In the 2014 elections, 1.7 lakh first time voters (FTVs) were added to every parliamentary constituency, of which almost 90,000 are in the age group of 18-22 years. Sixty-four per cent of Muslims, as per the NSSO survey, are below the age of 30 years. In 2010, the media age of Muslims in India was 22 compared to 26 for Hindus and 28 for Christians. As per the latest census, the population of India below 35 years of age is 51.8 per cent. It's quite clear, when you read the above statistics together, that purely in proportional terms, Indian Muslims constitute a larger part of this young, first time voter. Given the rise in voter turn-out across state elections since 2012 and the 2014 General Election, it can be safely concluded that more young Muslims are voting and making their voice heard.
Another factor that every party is now trying to focus on is the "urban vote". If one considers the statistics in this regard, about 3,000 towns form part of about 200 urbane Lok Sabha seats. Now, when it comes to the urban vote as well, it would be interesting to note that according to the 2001 Census 35.7 per cent of the Muslim population was urban compared to 27.8 per cent for the overall population. Thus, the proportionate influence Muslim voters wield in urban areas is also higher.
It is time that national parties realise a few self-evident truths: Firstly, that any long-term future strategy of electoral and political success cannot discount the influence of the Muslim voter. There must be a concerted effort to mainstream young, grass-roots Muslim leaders, working actively on a sociopolitical, socioeconomic agendas, into the political mainstream by giving them tickets to contest, appointing them to leadership roles within the party organisation and accommodating them within other structures of political power and to do away with "sarkari Muslims" who mean nothing to the community and have become objects of ridicule.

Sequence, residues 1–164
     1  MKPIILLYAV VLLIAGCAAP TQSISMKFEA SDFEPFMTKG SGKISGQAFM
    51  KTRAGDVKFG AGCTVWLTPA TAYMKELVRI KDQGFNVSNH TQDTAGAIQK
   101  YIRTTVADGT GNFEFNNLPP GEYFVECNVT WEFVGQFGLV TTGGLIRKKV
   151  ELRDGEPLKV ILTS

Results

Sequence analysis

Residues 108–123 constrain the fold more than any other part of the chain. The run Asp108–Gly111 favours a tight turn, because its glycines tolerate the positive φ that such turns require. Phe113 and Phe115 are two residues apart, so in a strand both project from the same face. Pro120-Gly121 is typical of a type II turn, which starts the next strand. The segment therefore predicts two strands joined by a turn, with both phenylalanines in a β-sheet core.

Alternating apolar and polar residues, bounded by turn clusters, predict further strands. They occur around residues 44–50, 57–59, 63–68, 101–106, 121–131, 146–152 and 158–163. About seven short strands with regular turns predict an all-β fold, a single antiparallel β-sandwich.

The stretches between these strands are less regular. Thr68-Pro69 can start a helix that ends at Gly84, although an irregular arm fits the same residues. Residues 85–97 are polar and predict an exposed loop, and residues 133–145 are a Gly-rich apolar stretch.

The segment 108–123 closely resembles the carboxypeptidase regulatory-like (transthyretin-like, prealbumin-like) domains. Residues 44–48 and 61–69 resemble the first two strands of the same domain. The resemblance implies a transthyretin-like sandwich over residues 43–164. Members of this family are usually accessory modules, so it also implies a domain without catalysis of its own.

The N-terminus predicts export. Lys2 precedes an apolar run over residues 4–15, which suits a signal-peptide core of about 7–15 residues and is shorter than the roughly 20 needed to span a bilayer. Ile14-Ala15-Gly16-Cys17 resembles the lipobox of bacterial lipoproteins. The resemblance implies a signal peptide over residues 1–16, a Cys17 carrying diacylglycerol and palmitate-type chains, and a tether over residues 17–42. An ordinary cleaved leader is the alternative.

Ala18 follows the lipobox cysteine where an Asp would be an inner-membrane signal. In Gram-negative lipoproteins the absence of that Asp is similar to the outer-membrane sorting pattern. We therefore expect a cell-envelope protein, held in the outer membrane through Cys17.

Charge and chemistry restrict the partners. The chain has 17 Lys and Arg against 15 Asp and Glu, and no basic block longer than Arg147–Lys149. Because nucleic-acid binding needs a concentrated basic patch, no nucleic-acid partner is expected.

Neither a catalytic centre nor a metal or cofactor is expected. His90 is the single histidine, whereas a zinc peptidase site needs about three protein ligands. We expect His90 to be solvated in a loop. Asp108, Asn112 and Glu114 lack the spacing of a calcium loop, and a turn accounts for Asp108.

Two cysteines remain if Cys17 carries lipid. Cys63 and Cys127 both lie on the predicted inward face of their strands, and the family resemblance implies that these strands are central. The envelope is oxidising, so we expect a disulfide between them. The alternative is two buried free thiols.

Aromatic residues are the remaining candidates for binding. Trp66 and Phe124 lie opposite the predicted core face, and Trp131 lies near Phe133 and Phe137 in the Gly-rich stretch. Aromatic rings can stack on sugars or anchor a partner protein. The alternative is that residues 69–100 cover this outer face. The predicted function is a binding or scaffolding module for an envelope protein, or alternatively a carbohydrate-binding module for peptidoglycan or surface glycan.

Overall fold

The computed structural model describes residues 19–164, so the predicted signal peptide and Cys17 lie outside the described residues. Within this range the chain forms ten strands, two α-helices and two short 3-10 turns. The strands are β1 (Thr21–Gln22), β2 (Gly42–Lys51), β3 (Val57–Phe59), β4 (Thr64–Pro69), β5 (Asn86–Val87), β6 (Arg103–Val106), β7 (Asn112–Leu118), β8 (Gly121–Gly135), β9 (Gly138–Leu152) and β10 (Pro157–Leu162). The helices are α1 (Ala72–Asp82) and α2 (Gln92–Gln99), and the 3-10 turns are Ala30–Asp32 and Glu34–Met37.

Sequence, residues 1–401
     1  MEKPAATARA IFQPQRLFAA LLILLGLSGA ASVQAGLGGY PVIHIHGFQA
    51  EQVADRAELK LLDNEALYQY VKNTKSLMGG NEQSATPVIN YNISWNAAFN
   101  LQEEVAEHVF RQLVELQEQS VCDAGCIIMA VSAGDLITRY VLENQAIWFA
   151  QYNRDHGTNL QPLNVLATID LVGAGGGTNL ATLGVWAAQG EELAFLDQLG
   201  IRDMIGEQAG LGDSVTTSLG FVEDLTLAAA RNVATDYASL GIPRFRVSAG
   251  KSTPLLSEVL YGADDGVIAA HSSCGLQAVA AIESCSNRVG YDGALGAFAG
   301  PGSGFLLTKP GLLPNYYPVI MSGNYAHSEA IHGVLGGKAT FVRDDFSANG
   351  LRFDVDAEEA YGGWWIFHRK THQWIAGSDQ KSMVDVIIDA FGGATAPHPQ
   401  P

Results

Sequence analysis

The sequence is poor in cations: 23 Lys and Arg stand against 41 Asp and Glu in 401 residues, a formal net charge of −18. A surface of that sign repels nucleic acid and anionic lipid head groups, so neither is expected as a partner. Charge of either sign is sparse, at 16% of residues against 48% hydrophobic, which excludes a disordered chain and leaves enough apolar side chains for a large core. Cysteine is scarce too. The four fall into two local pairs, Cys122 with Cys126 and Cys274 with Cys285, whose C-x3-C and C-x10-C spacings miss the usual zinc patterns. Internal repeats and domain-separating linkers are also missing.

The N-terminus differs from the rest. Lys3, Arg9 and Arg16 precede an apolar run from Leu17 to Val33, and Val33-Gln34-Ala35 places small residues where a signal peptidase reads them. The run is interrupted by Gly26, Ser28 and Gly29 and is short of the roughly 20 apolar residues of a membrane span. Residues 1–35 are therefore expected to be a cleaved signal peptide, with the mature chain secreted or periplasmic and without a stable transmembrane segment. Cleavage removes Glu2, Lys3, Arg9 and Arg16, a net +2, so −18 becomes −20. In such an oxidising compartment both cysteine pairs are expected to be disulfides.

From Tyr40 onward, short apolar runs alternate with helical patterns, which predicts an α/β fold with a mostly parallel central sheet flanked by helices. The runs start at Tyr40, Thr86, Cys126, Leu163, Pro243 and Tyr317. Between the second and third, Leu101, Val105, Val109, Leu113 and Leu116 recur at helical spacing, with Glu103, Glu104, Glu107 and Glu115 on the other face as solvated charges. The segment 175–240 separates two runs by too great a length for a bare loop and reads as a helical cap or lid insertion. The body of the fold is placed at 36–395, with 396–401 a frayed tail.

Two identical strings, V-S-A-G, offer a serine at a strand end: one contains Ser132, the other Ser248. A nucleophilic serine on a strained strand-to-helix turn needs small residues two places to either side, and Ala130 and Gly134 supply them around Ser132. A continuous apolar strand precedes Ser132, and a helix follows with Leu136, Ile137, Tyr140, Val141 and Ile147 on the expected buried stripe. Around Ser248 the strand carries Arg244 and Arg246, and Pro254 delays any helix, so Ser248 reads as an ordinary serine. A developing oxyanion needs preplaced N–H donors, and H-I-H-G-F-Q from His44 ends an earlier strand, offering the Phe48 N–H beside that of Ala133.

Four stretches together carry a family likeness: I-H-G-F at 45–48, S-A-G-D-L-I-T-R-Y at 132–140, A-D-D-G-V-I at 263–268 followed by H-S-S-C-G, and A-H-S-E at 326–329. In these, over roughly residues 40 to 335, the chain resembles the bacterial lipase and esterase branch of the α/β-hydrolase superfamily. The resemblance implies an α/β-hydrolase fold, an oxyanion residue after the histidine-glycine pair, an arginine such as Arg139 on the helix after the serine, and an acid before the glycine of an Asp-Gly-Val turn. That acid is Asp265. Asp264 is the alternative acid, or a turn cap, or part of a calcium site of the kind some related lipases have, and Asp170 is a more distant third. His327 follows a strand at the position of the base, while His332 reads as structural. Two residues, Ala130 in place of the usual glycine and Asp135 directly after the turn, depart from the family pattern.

Secondly, parties must not package them just as just "Muslim leaders" because most issues of Muslims, evidently coincide with the issues of other young, urban and other equally-deprived citizens of the country. There is no gain in having exclusivist agendas for Muslims. Electorally that pays little dividend and would end up benefiting the party that resorts to polarisation of non-Muslim votes.
Of course identity is a major issue for Muslims, particularly when a saffron agenda is being unleashed with impunity, but such issues will not strike a chord with the intended audience unless voiced by those with whom the community can identify with in the first place. The earliest opportunity for parties to test this would be in West Bengal (42), Assam (14) and Uttar Pradesh (80). These states will go to poll in 2016 and 2017 and are three of the six states in India where the number of voters between 18 and 19 years of age per constituency is higher than the national average. As per 2001 Census, population of Muslims in these states was about 25.2 per cent, 18.5 per cent and 30.9 per cent respectively, well above the national average of 13.4 per cent.
The key to success for any party would be on the integrity and commitment it shows in negotiating a meaningful, participatory political dialogue with Muslims. Anything short of that would be seen as mere lip service and may well facilitate the rise of parties with exclusivist agendas, polarising the landscape with a majority versus minority narrative.